A diagram in the secret document shows how the process works. Ramstein’s satellite uplink station is used to route communications between the pilots and aircraft deployed in a variety of countries. Video from the drones is routed back through Ramstein and then relayed to a variety of U.S. intelligence and military facilities around the U.S. and the globe. Another diagram shows how pilots at Creech connect to Ramstein and then to the Predator Primary Satellite Link, which facilitates direct control of the drone wherever it is operating.
All of this — location, combined with the need to securely house the large quantities of equipment, buildings and personnel necessary to operate the satellite uplink — has made Ramstein one of the most viable sites available to the U.S. to serve this critical function in the drone war.
The top-secret slides show how embedded Ramstein has become in the drone war. They describe in detail the system by which a geolocating device affixed to the drone feeds back to a satellite and down to the station at Ramstein. The GILGAMESH platform, which The Intercept first reported on in February of 2014, utilizes a device placed on the bottom of the drone. It operates as a fake cell phone tower, forcing individual mobile phones of targeted individuals to connect to it so that their location can be pinpointed and used in “find, fix and finish” missions.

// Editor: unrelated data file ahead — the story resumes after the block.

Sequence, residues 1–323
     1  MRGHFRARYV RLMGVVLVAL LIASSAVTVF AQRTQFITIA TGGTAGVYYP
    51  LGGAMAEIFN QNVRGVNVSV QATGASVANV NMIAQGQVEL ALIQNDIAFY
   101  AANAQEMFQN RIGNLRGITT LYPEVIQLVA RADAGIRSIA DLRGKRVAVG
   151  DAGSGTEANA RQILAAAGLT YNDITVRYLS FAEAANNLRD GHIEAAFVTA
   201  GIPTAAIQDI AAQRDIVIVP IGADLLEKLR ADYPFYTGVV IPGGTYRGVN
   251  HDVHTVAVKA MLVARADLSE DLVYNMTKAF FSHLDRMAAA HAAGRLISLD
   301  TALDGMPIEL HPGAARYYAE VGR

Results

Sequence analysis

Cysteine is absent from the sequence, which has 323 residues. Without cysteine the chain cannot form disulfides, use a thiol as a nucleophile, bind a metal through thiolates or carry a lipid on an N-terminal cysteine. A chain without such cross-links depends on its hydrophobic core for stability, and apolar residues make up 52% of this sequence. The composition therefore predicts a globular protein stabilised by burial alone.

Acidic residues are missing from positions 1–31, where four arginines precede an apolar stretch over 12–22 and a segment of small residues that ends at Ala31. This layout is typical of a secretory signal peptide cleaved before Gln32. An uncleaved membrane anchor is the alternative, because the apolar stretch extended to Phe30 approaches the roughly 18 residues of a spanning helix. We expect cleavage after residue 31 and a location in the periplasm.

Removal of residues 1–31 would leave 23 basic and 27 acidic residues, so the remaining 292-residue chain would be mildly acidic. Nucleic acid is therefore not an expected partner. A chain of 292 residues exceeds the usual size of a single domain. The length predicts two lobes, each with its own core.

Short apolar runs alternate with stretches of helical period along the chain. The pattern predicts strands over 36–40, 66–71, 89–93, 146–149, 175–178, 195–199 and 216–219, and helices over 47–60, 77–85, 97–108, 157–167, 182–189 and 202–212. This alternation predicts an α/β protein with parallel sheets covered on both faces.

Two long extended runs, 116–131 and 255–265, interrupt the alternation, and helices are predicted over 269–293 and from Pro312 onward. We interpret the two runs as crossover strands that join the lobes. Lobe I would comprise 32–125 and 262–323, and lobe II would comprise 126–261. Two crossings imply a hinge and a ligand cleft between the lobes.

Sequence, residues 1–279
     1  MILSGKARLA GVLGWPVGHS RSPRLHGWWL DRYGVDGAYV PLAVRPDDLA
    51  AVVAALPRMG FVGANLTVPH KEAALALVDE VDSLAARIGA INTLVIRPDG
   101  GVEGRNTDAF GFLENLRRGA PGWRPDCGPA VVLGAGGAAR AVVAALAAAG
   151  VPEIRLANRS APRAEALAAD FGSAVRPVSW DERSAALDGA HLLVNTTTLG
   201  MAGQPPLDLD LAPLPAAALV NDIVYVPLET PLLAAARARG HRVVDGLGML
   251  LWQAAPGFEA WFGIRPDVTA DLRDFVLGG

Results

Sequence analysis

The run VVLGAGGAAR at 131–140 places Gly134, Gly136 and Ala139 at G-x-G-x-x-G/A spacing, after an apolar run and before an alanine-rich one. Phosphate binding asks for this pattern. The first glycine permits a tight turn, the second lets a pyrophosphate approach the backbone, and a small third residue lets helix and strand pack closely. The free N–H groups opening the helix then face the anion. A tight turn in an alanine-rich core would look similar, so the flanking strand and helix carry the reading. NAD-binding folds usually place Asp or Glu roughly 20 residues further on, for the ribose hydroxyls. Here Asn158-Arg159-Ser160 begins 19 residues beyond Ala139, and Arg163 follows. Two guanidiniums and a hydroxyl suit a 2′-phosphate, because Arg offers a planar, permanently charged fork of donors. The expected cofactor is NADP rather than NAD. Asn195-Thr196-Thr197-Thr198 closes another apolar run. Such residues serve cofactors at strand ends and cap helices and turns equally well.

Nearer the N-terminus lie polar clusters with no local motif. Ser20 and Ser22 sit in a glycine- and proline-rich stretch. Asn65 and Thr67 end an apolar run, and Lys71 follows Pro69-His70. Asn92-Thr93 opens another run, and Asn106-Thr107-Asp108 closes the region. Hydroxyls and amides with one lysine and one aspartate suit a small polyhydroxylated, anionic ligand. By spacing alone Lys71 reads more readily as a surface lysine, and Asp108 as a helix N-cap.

The slides show that GILGAMESH operations ran out of several sites, including Djibouti, a base from which the U.S. has launched drone aircraft into Somalia and Yemen. The slides also describe how drones are equipped with a collection platform, “AIRHANDLER,” which relays data back to ground control stations via Ramstein.